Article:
9.   Lastly, I’d like to ask you to list your ten favorite songs, songs that you’ve written with Crème Anglaise or for other bands, or songs by other bands or artists that have had an influence on your career.

     10. John Helliwell's Song List:


1. "For unto us a child is born" from Handel's Messiah - the first music I remember - my parents would sing it (and various other pieces from Messiah) around the house when I was about three.




2. "Petite Fleur" by Sidney Bechet, played by Monty Sunshine with The Chris Barber Jazz Band



3. "Autumn Leaves" by Joseph Kosma, played by Cannonball Adderley from his LP "Somethin' Else" featuring Miles Davis.




4. "Tenor Madness" played by Sonny Rollins and John Coltrane from the LP "Tenor Madness"



5. "The Goldberg Variations" by J S Bach played by Glen Gould. There is one aria , thirty variations, and a reprise of the aria. I would choose the aria if I can only have one of them!



6. "A remark you made" by Wayne Shorter from The album "Heavy Weather" by Weather Report



7. "You've got a friend" by Carole King, sung by Donny Hathaway, from his album "Live"




8. "A case of you" by Joni Mitchell from "Both sides now" with the London Symphony Orchestra - arrangements by Vince Mendoza
Click to Watch.



9. "En La Orilla Del Mundo" by Charlie Haden, from his CD "Nocturne"




10. "The ballad of the sad young men" by Tommy Wolf and Fran Landesman, played by the Keith Jarrett Trio from the CD "Tribute Live" (disc 2)
Click to Watch.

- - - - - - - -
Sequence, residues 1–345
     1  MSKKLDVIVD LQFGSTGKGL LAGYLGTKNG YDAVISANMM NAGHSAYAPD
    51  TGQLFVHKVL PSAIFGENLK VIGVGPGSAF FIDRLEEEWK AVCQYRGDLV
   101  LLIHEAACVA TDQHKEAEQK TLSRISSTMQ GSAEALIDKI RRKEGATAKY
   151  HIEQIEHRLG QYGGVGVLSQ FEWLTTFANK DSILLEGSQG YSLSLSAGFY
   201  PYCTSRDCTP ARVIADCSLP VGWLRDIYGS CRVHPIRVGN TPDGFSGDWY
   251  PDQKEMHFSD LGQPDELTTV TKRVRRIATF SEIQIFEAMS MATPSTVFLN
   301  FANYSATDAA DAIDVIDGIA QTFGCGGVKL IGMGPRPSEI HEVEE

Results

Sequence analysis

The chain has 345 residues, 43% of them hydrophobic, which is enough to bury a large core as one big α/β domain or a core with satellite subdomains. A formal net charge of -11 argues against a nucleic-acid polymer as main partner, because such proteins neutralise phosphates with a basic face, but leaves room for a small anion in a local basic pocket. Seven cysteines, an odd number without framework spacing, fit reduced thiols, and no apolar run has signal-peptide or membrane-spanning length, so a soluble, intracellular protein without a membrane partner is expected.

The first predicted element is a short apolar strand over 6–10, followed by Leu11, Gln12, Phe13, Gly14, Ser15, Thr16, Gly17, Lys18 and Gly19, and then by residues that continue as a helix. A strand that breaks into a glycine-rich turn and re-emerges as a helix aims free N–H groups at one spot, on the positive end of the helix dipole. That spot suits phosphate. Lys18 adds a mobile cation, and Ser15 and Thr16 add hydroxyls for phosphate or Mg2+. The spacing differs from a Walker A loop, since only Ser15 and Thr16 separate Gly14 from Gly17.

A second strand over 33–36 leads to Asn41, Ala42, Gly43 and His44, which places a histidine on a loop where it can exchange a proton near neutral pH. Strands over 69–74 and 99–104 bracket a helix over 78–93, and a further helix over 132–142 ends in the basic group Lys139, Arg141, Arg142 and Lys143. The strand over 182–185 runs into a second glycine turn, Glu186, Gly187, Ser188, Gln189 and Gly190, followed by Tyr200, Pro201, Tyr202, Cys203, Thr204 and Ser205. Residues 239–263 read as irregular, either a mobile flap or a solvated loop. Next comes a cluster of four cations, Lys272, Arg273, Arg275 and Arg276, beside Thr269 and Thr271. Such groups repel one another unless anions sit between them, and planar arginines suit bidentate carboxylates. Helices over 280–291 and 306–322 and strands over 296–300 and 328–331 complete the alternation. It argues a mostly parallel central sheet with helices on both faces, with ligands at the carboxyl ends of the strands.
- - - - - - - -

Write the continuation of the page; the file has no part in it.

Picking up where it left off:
Best wishes, John.


BONUS VIDEO of John Heliwell with Helliwell-Derix Quintet in Beauforthuis, Austerlitz. Thanks to Egbert Derix for the footage.






Thank you, John, for being with us today and for sharing this great selection of Classical and Jazz, and everything in between. This song list has to be one of the most musically subtle we have had on the blog; it shows not only the spirit of a great overall sound and theme but also the soul of John Helliwell, the Maestro of Music. Visit John Helliwell at his website to learn more about John and Crème Anglaise. 


Thank you, readers and music lovers, for joining us today as well. Till next we meet on the road to musical discovery and enlightenment, this is your host, the Servante of Darkness, bidding you adieu. 

2 comments:

  1. Very nice intreview! Thank you.Like to share this clip of John and my band: http://www.youtube.com/watch?v=bJwr0U_ICAo

    ReplyDelete
    Replies
    1. Thank you, Egbert, for the video. I added it to the last of John's Top Ten Song List as a Bonus Video with thanks mentioned to you.
      Anthony